Writing a book is like running a marathon

runner shoes

Since writing and publishing my book, I’ve had numerous people tell me how they have a book inside of them, just screaming to get out.

“I think I can write a book,” they say. And you know what?  They CAN write a book. YOU can write a book.

But it’s not as simple as that.

You can’t go from 0 to 60 when writing a novel. If you haven’t been making writing a regular part of your routine, it would be next to impossible to have the stamina to write an entire book.

I mean, you wouldn’t run a marathon without training, right?

The trick is to start small.

I toned up my writing muscle years ago with poetry. Through stanzas of metaphors and similes, prose and drawn out descriptions, I worked at capturing a very small moment and making it larger, painting a picture using only words. (You can read some of that poetry HERE)

And then I focused on writing what I knew – my family. As a single mom with two growing kids, I was never out of material to write about. First I wrote these stories just for me, placing them in my blog at winecountrymom.com. Then my friends started reading, and I had an audience. And then my blog was discovered by the local newspaper I work for, and developed into the job I have now – part of it writing about families with a monthly in-print column.

I dabbled in short stories, journal entries, writing out my feelings… Anything I could write about, I did.  Before it got big, my writing all started small.

And then, I wrote a novel.

Best advice I can give you is to just write every day. Every. Single. Day. Even if you only have time for ten minutes of writing, do it. Describe your surroundings, your feelings, what you ate for breakfast…. Write about anything you want, just as long as you are writing.

You want to write a book?  Do it.  But make sure you’ve stretched and toned up that writing muscle first.  Otherwise, you might injure yourself and never get that book up off the ground.


Crissi Langwell is the debut author of A Symphony of Cicadas.  Follow her on Facebook and Twitter.

8 thoughts on “Writing a book is like running a marathon”

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  2. John W. Howell – South Texas Gulf Coast – I have been working in business for over forty years and now have the time to work in special areas of interest. My passion has always been to create compelling stories of fiction. I have authored six novels and am working on my Seventh. The first novel is still in manuscript form and being utilized as a door stop in the laundry room. The second is a contemporary fiction novel of 89,000 words and is complete and I am currently seeking a publisher. I also write poetry but have not had the guts to share any with anyone. The one time I read a piece to a person their only comment was, “it doesn’t rhyme.” I will continue to write and hopefully my blog, Fiction Favorites at www.johnwhowell.com will provide some entertainment and an interesting thought or two. I live in the Austin area with my wife Molly and an assortment of loving pets.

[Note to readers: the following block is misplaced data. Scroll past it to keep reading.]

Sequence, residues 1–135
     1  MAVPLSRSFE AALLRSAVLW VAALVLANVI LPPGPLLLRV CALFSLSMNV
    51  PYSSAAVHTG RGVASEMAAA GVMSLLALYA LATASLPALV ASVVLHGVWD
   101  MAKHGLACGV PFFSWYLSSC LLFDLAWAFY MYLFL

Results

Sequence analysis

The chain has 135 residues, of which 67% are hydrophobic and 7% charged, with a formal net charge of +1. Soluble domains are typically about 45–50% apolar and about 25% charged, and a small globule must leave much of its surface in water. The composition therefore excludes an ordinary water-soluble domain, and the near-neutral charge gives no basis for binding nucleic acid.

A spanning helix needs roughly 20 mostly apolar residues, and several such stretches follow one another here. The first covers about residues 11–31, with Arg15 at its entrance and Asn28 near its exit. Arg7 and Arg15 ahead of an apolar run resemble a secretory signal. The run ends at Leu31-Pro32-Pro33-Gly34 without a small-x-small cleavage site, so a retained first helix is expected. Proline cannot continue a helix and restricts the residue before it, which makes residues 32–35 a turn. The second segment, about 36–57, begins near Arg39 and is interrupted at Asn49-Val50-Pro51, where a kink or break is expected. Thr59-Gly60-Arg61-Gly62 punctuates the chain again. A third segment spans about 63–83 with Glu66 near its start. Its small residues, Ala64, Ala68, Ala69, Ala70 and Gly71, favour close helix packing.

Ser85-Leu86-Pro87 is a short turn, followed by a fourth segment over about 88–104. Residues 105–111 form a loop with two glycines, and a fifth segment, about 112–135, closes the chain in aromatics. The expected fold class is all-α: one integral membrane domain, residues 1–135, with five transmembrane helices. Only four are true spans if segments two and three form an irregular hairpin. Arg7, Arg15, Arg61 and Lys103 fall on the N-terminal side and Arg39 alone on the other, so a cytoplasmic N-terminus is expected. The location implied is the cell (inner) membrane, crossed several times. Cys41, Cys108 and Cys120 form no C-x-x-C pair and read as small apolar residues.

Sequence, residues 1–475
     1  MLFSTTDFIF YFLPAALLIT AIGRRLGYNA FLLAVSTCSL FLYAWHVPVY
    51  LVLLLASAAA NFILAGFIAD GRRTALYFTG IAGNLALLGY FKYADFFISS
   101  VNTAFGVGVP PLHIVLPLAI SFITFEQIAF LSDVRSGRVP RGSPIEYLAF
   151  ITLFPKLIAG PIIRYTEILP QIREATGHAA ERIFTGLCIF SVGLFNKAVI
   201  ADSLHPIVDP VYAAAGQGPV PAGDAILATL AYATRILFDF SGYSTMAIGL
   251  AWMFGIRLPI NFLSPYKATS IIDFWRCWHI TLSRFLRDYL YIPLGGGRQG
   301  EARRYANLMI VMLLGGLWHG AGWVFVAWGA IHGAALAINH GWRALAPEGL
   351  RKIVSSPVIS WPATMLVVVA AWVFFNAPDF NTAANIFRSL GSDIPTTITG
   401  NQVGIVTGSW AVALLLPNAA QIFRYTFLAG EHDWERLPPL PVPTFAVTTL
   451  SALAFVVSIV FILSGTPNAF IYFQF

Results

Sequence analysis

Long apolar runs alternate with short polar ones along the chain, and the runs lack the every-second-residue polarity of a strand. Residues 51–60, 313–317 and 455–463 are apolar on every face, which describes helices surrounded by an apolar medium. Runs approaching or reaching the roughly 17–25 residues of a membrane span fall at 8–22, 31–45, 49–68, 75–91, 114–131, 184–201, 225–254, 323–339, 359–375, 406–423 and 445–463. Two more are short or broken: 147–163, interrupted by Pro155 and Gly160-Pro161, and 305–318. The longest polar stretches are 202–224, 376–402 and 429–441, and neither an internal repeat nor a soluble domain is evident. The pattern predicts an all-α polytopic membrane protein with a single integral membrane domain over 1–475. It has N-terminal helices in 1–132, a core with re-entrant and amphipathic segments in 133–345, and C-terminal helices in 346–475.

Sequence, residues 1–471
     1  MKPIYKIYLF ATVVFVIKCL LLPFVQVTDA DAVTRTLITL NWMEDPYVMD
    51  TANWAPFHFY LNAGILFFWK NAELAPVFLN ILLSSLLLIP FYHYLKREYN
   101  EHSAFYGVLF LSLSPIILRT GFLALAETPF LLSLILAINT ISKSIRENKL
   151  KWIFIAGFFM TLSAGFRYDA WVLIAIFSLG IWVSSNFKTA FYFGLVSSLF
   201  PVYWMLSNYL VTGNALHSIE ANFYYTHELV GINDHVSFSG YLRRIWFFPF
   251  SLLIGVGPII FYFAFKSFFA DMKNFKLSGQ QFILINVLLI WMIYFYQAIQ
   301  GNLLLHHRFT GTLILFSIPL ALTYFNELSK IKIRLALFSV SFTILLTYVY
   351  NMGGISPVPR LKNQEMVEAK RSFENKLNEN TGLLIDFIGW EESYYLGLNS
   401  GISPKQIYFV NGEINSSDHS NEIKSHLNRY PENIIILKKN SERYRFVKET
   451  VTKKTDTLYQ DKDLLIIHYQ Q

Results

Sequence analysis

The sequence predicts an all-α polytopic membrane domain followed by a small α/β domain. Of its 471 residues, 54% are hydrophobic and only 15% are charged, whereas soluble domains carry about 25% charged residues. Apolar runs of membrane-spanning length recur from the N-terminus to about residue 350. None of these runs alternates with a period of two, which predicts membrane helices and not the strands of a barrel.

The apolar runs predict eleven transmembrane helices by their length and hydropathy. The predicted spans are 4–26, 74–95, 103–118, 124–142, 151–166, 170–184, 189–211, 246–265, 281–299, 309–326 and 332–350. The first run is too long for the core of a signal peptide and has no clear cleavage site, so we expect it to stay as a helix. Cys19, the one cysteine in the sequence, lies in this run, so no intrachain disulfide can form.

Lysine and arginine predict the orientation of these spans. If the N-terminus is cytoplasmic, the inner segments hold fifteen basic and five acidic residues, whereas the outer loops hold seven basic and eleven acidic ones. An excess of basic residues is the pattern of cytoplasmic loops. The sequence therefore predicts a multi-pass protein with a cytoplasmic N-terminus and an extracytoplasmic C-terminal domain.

Oh yeah all my friends can write a book. All my friends want to write a book. None have tried. Great post. I would like to read more so follow it is.

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  4. Nida S. – Canada – Freelance writer. Story teller.

    Your article has left me hopeful and excited. I have wanted to write a book for as long as I can remember. As of now, I am just stretching my writing muscles and I pray that the writing Gods shower their blessings some day

    1. Crissi Langwell – Crissi Langwell writes romance, women's fiction, young adult novels, and more. Her passion is the story of the underdog, and her stories include ones of determined heroines, family issues, free spirits and more. Beyond writing, Crissi is an avid bookworm, loves to meditate, and has tiny muscles from weight lifting. You have to look closely. She pulls her inspiration from the ocean, and breathes freely among redwoods. Crissi and her husband are both Northern California authors with day jobs. Currently they are kicking their kids out the nest (2 down, 1 to go!), and can't help spoiling their beautiful, bratty Maine Coon cat.

      I felt the same way, and NaNoWriMo (National Novel Writing Month – 30 days of writing until you’ve completed a 50,000 word rough draft of a book) totally helped me to break over that barrier of wishing it to be true and making it happen. Keep writing every day, and totally take part in NaNoWriMo. I wrote a blog post about it the other day for more information on what NaNoWriMo is: http://crissilangwell.com/2013/05/20/what-nanowrimo-taught-me-about-writing-a-book/

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